March 16, 2019


• The next Dads’ Prayer Group meeting will be on Sunday, March 17, at 7:00 PM, in the Perpetual Help classroom.
• Remember that the non-refundable down payment for next school year is due by March 20.
• Third Quarter Oral Exams are March 18-22.


• Some of our archery team members will be competing this Saturday.
• Our next baseball game is:  March 19, Thursday, at 3:15 PM, at St. Michael’s.


Sermon by a Norbertine Priest

The saints and doctors of the Church teach us that the event which we just heard about in today’s Gospel had been planned by our Blessed Lord in order to encourage His disciples, so that when they would later see Him going through His bitter Passion, they would quickly recall this moment, and be assured of the heavenly glory which He would finally obtain.  In other words, Christ placed before their eyes a bit of heaven in order to let them know that this was both His and their final goal.  Our Lord always wants us to keep our eyes fixed on this final goal, fixed on the things above; and while He does not appear to each of us in His radiant glory in order to capture our attention, He does have another method which He uses, one which might seem at first glance to be quite contradictory, but as always, our Lord knows what He is doing.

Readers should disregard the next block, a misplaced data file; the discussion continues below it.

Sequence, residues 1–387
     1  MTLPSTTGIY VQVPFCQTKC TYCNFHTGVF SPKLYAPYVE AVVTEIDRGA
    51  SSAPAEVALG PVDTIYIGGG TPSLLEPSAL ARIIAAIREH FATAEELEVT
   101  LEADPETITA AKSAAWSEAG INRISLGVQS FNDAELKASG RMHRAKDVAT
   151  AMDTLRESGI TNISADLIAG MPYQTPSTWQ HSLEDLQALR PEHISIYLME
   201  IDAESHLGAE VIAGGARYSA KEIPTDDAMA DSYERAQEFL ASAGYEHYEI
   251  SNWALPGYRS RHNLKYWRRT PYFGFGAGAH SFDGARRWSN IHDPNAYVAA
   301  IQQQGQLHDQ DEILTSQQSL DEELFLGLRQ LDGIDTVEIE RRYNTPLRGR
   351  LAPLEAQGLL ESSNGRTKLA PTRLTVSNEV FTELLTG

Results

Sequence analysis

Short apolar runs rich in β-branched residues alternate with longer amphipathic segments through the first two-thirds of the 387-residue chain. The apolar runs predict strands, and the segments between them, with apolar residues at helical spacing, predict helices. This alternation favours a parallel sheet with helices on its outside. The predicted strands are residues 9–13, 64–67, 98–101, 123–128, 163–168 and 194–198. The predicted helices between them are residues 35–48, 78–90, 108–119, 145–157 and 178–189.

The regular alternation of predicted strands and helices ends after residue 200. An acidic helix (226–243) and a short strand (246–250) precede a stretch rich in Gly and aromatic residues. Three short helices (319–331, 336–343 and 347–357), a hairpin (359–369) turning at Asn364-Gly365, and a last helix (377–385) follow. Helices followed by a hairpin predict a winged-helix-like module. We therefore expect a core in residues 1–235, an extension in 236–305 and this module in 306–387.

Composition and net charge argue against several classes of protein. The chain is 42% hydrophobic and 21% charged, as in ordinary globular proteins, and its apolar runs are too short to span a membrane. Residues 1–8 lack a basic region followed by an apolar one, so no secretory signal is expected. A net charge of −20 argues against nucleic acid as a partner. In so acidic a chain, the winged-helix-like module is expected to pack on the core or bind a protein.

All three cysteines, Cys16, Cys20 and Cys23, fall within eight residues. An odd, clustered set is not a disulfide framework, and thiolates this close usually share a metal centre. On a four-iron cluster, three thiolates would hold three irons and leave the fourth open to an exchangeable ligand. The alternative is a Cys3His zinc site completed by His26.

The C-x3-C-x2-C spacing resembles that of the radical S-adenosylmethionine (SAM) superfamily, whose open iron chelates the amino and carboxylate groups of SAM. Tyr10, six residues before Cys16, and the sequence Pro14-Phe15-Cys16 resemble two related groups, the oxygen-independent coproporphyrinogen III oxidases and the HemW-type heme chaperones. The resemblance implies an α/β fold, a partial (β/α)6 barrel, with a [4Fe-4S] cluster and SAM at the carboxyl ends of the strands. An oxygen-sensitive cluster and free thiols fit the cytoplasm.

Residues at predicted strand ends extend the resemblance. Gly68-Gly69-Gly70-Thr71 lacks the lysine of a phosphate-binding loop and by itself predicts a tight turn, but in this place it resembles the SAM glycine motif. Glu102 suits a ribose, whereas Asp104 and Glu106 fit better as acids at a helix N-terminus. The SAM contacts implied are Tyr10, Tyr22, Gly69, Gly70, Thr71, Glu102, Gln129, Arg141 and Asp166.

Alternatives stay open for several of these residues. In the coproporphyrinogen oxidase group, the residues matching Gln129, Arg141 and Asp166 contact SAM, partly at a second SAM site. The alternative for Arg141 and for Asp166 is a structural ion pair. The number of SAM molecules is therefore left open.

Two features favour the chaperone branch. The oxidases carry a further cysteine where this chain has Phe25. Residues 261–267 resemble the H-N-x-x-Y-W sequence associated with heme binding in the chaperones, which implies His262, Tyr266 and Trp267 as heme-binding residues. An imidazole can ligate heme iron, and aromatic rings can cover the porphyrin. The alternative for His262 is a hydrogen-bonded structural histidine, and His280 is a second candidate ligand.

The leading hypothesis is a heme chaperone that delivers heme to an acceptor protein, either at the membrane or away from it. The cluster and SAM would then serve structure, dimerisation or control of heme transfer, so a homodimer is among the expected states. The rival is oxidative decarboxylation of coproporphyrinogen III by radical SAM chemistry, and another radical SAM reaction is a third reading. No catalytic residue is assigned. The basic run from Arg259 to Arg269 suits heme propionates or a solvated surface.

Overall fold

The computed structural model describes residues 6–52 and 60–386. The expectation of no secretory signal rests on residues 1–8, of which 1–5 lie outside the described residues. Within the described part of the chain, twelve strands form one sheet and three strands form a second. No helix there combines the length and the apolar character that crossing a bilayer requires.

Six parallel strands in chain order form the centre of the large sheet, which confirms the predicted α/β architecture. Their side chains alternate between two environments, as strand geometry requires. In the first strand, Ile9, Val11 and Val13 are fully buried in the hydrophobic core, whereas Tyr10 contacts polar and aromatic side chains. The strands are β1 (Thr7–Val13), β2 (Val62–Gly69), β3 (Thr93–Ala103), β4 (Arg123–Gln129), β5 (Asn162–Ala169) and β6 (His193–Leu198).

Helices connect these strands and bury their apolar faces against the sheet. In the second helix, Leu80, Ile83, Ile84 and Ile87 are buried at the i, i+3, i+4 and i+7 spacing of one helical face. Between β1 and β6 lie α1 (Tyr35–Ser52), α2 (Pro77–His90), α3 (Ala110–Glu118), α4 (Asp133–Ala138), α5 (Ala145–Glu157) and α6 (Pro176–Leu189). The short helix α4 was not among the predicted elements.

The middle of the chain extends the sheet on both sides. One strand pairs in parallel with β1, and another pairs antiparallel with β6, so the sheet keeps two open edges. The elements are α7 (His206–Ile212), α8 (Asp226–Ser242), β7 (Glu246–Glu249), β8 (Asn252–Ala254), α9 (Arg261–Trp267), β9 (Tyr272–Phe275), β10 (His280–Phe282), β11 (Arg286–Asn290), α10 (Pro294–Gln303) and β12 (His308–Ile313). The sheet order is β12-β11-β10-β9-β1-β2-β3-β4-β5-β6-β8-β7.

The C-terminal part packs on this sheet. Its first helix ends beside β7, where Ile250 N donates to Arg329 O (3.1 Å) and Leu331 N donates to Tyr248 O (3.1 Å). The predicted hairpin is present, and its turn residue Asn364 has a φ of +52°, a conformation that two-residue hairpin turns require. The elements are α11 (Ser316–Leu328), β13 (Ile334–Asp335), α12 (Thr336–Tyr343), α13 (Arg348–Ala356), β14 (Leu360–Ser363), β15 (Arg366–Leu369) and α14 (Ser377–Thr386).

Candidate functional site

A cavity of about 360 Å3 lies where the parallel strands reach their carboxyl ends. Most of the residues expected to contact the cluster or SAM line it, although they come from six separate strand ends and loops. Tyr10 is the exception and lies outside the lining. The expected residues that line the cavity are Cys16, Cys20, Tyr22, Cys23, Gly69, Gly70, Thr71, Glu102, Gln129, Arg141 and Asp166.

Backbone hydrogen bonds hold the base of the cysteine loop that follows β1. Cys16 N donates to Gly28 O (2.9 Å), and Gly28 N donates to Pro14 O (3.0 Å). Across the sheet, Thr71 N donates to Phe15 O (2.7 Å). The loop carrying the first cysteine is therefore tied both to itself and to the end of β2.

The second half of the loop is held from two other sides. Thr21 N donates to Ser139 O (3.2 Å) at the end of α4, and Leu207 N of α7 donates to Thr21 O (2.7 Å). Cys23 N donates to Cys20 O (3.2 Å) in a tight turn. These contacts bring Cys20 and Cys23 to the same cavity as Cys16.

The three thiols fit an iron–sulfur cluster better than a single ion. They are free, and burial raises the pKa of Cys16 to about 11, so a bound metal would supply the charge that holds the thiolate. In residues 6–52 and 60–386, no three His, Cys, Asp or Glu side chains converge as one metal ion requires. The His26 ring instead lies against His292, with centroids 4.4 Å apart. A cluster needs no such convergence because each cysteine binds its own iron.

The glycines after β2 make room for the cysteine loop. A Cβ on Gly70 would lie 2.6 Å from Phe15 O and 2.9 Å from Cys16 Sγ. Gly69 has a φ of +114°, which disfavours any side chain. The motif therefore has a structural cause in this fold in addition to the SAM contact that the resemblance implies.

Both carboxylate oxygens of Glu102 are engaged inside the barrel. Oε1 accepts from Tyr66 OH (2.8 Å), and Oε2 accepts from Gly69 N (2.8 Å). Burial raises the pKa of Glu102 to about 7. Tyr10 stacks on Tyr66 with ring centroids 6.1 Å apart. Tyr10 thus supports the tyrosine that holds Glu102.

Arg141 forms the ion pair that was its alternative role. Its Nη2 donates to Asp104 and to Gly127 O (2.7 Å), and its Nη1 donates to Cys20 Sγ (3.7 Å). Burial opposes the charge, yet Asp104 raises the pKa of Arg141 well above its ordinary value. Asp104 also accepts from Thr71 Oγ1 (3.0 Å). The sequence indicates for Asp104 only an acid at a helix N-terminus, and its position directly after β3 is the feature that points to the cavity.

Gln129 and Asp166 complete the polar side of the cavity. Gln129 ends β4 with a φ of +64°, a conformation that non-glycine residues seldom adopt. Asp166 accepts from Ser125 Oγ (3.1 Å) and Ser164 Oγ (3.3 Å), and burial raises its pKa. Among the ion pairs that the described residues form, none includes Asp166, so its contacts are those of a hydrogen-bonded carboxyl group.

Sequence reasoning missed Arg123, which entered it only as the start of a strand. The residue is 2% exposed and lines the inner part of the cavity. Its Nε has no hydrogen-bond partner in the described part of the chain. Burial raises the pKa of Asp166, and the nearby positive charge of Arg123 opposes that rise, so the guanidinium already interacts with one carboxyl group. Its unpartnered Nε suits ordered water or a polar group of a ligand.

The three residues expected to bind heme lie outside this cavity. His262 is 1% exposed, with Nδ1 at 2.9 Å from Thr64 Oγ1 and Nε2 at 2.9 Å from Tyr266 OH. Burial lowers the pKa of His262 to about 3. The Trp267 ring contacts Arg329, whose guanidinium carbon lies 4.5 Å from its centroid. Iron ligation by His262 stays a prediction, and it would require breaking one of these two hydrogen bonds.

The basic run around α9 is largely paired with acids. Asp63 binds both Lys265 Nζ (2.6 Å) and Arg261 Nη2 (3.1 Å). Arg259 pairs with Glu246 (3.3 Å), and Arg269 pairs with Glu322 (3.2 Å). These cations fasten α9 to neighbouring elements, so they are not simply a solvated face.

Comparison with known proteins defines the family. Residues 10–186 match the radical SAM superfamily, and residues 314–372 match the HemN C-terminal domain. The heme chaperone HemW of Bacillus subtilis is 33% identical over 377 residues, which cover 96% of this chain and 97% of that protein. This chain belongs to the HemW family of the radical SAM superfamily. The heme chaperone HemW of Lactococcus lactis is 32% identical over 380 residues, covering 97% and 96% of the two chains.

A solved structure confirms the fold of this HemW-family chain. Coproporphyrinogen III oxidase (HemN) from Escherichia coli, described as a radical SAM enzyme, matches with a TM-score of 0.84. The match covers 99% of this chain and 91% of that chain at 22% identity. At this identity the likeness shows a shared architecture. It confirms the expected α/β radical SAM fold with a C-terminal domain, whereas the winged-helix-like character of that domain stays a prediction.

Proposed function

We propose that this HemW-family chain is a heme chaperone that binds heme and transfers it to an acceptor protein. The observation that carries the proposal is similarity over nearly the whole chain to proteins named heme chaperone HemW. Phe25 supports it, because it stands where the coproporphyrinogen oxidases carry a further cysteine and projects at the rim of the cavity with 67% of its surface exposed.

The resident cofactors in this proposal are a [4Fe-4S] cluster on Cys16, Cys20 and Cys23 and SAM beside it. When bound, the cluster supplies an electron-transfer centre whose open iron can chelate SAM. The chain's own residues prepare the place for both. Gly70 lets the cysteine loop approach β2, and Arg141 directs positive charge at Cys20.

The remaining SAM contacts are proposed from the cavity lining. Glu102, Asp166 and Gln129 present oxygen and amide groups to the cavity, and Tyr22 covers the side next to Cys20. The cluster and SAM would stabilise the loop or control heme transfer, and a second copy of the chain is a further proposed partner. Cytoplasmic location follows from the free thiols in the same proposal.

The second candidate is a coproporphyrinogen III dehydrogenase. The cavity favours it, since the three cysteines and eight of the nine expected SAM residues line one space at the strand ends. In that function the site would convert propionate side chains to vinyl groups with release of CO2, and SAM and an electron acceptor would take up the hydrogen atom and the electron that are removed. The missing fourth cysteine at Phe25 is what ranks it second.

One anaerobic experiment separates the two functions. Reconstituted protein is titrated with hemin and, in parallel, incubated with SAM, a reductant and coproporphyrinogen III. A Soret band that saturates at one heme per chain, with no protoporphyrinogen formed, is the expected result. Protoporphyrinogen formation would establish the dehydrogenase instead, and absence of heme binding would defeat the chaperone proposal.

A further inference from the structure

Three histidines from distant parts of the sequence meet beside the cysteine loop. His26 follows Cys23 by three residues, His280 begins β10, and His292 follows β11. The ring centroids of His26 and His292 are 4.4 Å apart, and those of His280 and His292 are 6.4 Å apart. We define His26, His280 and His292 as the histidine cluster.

Christ is so powerful that He can make use even of evil for the sake of good.  Not that good comes from evil, and not that He wills evil to happen to us; but He uses the bad as an opportunity for good.  And Christ is so loving that He has done and will do whatever it takes in order to save us, even something as crazy as dying on the Cross for us.  And not only that, He will even put us up on the Cross with Himself if that’s what it takes to raise our minds to heaven—and that’s usually what it takes.  And so the way He often focuses our minds on heaven, is by allowing us to undergo a little bit of hell on earth.